Paramedic License or EMTP Certification?

ems paramedic questionsThis content is from the Authorized Transmissions newsletter, but I thought it would be great to pull it out and highlight it all on it’s own.

When it comes to being a licensed paramedic or a certified EMTP, opinions vary and it will depend on who you talk to.

Certification: Agency or association grants recognition

Licensure: Governmental agency’s competency standards are met

Now when you think about it, for most states it is one and the same. Even states that require NREMT “certification” still mandate that you take a state exam or meet state standards to be considered competent to practice as a paramedic in that state.

From the NREMT website “…Licensure, .. is the state’s grant of legal authority, pursuant to the state’s police powers, to practice a profession within a designated scope of practice. Under the licensure system, states define, by statute, the tasks and function or scope of practice of a profession and provide that these tasks may be legally only by those who are licensed.

As such, licensure prohibits anyone from practicing the profession who is not licensed, regardless of whether or not the individual has been certified by a private organization.”

So, what’s in a name then? Especially if both descriptions are interchangeable and more importantly any state allowing you to work as a paramedic is giving “license” to do it.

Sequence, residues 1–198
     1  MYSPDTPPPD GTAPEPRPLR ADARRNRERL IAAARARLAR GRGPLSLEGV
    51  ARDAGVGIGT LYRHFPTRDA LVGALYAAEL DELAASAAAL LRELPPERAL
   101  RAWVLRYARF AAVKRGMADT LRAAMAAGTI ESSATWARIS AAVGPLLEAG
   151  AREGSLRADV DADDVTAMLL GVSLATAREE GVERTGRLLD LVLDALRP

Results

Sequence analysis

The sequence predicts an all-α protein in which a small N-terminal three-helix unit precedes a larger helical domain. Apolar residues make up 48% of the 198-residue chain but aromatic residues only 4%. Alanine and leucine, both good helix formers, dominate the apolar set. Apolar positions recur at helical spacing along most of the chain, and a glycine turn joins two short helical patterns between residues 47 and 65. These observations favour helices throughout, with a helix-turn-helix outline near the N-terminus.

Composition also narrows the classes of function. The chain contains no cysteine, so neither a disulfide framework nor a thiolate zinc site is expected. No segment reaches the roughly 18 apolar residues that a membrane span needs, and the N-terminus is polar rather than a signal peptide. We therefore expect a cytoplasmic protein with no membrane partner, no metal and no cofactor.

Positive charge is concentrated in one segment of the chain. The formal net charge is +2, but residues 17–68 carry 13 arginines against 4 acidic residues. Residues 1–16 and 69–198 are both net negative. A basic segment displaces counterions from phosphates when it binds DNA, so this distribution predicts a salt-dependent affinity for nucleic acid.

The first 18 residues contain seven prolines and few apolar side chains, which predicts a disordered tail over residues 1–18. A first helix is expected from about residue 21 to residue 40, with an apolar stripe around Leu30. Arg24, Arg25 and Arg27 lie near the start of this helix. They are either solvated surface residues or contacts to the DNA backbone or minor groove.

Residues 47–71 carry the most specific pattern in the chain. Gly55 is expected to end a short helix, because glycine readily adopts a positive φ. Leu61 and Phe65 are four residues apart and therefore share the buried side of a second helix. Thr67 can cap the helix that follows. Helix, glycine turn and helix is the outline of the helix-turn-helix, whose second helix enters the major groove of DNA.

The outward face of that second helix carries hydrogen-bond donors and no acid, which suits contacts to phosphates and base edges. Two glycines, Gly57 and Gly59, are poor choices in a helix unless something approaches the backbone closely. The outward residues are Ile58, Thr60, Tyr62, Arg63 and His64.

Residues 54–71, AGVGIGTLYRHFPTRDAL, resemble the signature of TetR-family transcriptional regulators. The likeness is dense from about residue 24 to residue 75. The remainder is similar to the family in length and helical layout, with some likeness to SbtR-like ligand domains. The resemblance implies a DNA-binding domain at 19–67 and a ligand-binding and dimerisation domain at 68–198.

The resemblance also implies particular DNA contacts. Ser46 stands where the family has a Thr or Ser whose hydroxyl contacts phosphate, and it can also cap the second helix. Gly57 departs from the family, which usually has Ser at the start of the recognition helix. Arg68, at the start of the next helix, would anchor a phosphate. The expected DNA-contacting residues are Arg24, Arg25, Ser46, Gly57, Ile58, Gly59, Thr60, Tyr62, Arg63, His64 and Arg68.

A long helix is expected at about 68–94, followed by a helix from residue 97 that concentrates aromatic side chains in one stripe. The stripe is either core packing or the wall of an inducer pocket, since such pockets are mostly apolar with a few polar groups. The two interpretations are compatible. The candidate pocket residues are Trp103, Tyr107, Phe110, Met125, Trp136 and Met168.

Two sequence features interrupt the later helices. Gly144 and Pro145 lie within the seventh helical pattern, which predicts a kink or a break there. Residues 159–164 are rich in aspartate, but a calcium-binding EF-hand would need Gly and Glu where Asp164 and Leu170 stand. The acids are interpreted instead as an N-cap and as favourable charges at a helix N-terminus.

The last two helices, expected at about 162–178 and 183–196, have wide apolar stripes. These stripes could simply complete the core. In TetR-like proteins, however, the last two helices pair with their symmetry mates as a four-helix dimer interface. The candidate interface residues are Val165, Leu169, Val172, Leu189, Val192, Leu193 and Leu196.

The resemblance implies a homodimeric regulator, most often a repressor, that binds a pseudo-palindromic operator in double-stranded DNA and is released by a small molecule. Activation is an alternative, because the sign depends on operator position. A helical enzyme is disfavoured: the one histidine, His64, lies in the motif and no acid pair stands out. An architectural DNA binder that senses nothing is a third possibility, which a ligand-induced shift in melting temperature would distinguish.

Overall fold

Well that is just it. Some states like NY and NJ have been getting petitioned for years to change the identification from certification to license, but for some reason it just has not happened.

What’s the hold up?

Resistance due to education levels? Fears of infringing on other healthcare fields? Perhaps even those EMS insiders who like things just the way they are?

However you look at it. The bottom line in my opinion is that the paramedic profession should be licensed.

States cannot continue to dictate requirements and keep it noted as a certification in order to keep other professions happy.

Nationwide, paramedics should hold licensure and if need be, individual states can set specific requirements for that region in order for that paramedic to work and practice within a set scope or guidelines.

Government agencies need to remove all mention of certification from paramedic programs and gear all education and testing to a licensure format. If that means making exams more difficult, setting higher continuing education requirements and holding individuals to a higher standard overall, then so be it.

I think that this would be a move in the right direction for EMS as a whole and a step that is relatively easy to implement.

Listen, I don’t have the answers to this or know why with a certainty the word license is not the accepted rule.

Maybe we shouldn’t be putting too much energy into this to begin with since in the end it’s just a word.

The reality is that, no matter what the state calls it, a state issued “license” or “certificate” is functionally the same and is a “license”.